Japanese prices rise on robust demand

Japanese prices rise on robust demand
Published: 02 November 2011

Japanese cement prices have started to rise throughout the country, due to strong demand from the private sector and ongoing reconstruction efforts in the Tohoku region.

At the start of the year, Taiheiyo Cement Corp and other major cement producers began approaching their clients about the possibility of price increases of more than JPY1000/t (US$12.8), due to surging fuel costs. Producers of ready-mix concrete in the Tokyo metropolitan area, where construction demand is high, have already accepted price increases from cement makers of roughly JPY500-700.

Cement makers tried to raise prices last year, but failed due to sluggish demand. The 2008 financial crisis had a significant impact on the cement market, with domestic sales volumes falling for 41 straight months on the year before bottoming out in November 2010.

In the first half through September, sales rose 1.4% on the year to roughly 19.81Mt. However, sales fell sharply in the wake of the March 11 earthquake. "They have since returned to almost the same level as before the disaster," said Keiji Tokuue, president of Taiheiyo Cement.

The Tokyo metropolitan area is leading the recovery, with large redevelopment projects under way in Tokyo’s Marunouchi and Shinjuku business districts, in addition to significant construction demand in areas near major train stations in Chiba Prefecture. As a result, first-half cement sales by volume rose 7.7% on the year in the national capital region.

Price negotiations between cement producers and their clients can be settled relatively quickly, as demand remains high. Producers suspended shipments to clients that failed to reach agreements on increases, as their contracts had expired, which helped to drive up cement prices.

In Tokyo, prices have risen to roughly 10,600 yen per ton, up about 5% from six months ago. Cement prices have also risen in the Tokai and Chugoku regions, where first-half sales jumped from a year before. In the Tohoku region, which was devastated by the earthquake and tsunami, cement sales rose above the previous year’s level for two straight months through September.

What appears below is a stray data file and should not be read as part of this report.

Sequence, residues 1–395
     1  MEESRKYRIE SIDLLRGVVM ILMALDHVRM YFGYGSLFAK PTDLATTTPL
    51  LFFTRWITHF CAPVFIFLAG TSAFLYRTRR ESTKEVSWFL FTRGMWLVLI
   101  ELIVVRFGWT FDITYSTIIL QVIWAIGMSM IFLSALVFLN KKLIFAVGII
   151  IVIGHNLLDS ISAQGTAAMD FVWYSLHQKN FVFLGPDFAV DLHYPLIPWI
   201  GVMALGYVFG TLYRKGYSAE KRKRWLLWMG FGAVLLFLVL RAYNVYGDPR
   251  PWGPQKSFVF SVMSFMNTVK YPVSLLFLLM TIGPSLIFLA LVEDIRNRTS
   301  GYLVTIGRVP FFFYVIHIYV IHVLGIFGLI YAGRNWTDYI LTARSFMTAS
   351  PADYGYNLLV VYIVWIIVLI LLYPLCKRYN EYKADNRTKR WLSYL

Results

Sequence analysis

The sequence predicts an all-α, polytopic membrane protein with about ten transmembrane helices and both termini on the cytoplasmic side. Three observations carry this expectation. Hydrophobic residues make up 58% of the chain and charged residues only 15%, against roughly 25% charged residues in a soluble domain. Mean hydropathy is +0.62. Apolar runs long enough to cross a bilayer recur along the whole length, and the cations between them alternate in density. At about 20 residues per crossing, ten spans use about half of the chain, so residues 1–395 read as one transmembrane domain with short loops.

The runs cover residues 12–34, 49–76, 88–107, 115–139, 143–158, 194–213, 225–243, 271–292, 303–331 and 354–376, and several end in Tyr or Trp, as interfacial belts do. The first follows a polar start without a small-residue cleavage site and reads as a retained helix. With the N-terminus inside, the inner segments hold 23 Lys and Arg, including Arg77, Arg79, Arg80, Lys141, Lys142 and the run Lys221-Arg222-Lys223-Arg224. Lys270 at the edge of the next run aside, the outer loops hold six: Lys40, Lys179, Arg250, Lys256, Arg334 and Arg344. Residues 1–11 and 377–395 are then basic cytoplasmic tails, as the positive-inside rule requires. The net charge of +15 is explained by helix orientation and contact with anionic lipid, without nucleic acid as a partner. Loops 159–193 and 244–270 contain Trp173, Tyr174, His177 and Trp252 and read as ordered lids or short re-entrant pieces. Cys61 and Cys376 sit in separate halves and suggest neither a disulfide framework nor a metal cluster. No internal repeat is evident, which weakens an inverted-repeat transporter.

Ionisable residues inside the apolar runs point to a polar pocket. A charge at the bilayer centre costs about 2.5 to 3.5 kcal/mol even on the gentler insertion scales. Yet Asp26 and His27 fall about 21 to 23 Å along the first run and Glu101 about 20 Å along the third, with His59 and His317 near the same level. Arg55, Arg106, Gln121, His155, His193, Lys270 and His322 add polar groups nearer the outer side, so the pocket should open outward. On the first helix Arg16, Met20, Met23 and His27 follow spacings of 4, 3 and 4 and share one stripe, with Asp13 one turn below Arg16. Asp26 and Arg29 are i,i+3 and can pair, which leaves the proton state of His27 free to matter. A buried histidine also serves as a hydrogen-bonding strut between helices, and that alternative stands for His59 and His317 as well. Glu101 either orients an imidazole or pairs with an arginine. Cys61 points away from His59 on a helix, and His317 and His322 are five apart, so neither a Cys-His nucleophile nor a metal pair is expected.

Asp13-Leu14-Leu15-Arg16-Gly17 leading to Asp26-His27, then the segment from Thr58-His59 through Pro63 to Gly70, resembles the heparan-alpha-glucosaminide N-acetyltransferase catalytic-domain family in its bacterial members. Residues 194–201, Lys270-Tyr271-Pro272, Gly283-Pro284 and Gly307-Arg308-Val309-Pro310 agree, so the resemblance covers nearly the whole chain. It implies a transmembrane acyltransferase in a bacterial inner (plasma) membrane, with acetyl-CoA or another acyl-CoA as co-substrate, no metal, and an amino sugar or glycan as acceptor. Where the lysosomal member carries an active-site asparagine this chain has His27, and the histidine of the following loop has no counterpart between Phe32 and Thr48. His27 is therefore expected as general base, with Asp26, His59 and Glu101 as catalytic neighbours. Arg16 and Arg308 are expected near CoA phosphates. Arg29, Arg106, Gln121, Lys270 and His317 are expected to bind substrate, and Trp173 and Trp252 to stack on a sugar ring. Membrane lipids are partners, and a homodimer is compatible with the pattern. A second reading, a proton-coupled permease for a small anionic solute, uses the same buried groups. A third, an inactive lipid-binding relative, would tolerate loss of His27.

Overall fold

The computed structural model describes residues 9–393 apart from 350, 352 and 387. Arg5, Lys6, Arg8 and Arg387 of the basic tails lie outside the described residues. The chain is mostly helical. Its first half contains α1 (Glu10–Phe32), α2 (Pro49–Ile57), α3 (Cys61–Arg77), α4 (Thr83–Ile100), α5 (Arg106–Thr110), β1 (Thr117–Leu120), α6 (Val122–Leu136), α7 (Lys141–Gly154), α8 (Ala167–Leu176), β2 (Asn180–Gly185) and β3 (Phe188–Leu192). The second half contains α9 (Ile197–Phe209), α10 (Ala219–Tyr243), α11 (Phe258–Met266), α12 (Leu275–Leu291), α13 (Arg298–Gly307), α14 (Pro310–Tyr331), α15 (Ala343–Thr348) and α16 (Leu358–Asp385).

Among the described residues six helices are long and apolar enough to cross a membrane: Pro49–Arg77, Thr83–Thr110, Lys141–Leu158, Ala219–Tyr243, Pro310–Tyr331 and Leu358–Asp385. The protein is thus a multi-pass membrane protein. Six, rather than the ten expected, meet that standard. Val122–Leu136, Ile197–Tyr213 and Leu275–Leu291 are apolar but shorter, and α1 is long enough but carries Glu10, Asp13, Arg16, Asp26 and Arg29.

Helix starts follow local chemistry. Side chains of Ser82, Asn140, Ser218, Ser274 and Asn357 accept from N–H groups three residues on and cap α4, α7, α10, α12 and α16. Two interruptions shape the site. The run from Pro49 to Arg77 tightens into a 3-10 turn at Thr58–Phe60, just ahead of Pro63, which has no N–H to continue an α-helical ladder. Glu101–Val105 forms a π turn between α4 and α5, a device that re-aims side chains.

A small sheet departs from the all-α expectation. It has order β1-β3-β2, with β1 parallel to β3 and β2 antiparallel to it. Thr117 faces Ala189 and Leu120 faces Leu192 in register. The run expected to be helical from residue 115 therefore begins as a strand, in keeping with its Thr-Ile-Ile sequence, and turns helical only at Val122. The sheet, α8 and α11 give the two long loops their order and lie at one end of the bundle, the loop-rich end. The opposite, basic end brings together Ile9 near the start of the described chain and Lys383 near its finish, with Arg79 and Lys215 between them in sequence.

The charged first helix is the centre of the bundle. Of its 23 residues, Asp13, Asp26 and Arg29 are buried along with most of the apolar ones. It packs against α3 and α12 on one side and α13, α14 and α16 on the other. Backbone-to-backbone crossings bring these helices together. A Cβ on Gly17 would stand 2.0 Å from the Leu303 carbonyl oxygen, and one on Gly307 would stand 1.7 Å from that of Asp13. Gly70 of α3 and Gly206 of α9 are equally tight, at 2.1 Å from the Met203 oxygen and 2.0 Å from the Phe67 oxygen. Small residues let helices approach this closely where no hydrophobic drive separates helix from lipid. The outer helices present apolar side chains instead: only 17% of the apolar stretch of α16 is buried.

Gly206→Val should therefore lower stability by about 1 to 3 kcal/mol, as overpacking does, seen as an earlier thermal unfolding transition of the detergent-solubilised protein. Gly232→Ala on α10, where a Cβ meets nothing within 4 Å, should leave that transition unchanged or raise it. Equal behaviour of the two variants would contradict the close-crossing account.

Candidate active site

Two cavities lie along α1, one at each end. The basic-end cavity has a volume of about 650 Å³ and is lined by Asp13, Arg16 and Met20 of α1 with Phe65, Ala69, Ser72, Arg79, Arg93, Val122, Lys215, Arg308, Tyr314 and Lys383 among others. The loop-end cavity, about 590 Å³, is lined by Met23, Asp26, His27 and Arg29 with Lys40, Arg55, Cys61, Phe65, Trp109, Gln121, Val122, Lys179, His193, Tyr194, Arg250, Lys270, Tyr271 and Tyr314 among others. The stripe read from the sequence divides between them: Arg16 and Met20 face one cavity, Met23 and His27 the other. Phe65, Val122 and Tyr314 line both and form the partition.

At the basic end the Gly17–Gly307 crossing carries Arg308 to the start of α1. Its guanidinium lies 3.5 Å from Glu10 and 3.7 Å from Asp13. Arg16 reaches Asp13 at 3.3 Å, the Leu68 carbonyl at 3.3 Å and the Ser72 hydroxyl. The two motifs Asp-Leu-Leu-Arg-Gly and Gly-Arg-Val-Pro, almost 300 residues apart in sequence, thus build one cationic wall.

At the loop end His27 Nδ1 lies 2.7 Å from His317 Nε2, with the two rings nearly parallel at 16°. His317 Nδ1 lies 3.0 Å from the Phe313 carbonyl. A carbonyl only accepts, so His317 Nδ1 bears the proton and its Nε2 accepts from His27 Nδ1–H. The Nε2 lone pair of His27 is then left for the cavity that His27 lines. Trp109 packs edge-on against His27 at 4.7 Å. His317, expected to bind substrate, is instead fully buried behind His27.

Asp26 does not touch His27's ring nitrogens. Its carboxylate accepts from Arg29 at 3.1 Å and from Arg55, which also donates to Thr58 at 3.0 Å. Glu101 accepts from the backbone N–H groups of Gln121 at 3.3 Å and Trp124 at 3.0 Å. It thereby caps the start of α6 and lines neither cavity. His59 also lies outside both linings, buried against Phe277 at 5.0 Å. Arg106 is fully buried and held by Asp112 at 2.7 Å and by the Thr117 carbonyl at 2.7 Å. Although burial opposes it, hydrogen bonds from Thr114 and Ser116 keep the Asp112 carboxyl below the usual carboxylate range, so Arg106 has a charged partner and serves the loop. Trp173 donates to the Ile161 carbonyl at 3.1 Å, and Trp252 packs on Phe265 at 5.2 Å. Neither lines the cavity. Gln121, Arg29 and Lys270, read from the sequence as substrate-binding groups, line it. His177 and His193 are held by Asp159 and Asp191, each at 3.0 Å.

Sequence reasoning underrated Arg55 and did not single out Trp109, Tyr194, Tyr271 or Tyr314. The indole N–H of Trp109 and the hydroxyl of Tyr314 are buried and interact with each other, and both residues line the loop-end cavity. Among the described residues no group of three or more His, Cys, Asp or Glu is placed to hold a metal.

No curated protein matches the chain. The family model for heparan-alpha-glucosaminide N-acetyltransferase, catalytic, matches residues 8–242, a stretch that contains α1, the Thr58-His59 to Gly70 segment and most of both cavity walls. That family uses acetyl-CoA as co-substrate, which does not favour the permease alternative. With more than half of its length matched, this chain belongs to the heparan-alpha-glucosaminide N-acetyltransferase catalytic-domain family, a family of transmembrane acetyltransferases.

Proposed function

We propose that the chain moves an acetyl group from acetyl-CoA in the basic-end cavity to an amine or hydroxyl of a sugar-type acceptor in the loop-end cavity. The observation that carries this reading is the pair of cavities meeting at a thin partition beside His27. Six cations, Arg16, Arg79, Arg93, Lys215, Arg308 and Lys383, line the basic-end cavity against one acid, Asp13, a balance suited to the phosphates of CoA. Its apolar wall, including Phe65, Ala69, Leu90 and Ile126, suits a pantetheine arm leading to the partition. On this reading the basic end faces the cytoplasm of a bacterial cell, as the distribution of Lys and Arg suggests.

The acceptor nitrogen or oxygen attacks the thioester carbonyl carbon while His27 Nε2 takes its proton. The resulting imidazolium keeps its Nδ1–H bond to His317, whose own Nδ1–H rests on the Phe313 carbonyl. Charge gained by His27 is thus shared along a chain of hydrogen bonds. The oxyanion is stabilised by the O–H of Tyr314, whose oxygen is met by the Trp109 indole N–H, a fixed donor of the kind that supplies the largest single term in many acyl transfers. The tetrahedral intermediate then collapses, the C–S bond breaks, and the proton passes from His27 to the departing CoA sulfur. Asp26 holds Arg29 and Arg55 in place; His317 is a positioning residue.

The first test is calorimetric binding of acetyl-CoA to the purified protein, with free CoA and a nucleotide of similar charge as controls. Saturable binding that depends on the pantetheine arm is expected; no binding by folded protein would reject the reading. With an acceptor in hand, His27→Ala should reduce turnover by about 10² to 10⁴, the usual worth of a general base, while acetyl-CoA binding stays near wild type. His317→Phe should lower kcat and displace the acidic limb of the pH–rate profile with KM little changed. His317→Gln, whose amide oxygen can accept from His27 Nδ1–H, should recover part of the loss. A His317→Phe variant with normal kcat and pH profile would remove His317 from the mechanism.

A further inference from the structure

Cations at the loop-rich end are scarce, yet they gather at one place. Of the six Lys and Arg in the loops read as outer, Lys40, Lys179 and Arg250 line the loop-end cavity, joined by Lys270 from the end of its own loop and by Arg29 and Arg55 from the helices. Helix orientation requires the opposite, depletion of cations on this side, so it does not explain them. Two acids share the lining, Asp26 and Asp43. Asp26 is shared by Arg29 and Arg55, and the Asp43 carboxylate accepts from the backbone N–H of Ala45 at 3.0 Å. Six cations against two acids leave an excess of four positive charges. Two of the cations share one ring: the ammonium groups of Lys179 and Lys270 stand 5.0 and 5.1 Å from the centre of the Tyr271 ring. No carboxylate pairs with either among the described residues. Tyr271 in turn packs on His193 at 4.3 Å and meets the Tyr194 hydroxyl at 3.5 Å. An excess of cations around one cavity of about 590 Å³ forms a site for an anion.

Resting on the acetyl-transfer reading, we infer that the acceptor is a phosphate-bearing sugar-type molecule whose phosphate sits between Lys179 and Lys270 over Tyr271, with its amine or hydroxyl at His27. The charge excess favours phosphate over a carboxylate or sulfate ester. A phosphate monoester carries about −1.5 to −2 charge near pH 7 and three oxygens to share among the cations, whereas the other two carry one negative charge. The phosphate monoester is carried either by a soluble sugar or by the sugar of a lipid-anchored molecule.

In September, cement sales jumped 8% in Fukushima Prefecture and 16% in Iwate Prefecture, due to repair work at facilities such as nuclear power plants and the use of tetrapods in the construction of breakwaters and other coastal barriers.

Disaster-hit port facilities and storage sites used by cement makers have almost fully recovered and are now largely ready to start handling shipments again. With reconstruction demand in full swing, the cement industry predicts that sales volumes will reach roughly 10 million tons within five years.

According to prepayment data for public works projects compiled by East Japan Construction Surety Co. and other similar firms, the value of public works contracts hit JPY28.8bn in Fukushima Prefecture, up 30% on the year. In Miyagi Prefecture, the value of such contracts rose 26.7% to JPY28.6bn.

Cement makers believe that price negotiations will become smoother if credit conditions at construction firms improve, but negotiations have become particularly drawn out in some areas. For example, ready-mix concrete firms went on strike in Osaka last year. Given that opposition to price hikes remains strong, it remains uncertain when these companies will be able to reach agreements with their clients.

The price increases that have been put in place this year still only represent about half of what cement makers were demanding, so producers are now thinking about jacking up prices once again. This will be difficult, however, partly due to the yen’s strength.

"There are also concerns about the hollowing-out of domestic industries, as the corporate tax rate is higher (in Japan) than in other countries," said Kiyoshi Kamimura, an official from the Japan Cement Association.

If capital investment dwindles, it could weigh on construction demand in the private sector. And if the government’s budget deliberations continue to drag on, the launch of reconstruction-related projects will be delayed. Given these circumstances, cement makers will continue to fight to raise prices.

Source: Nikkei Report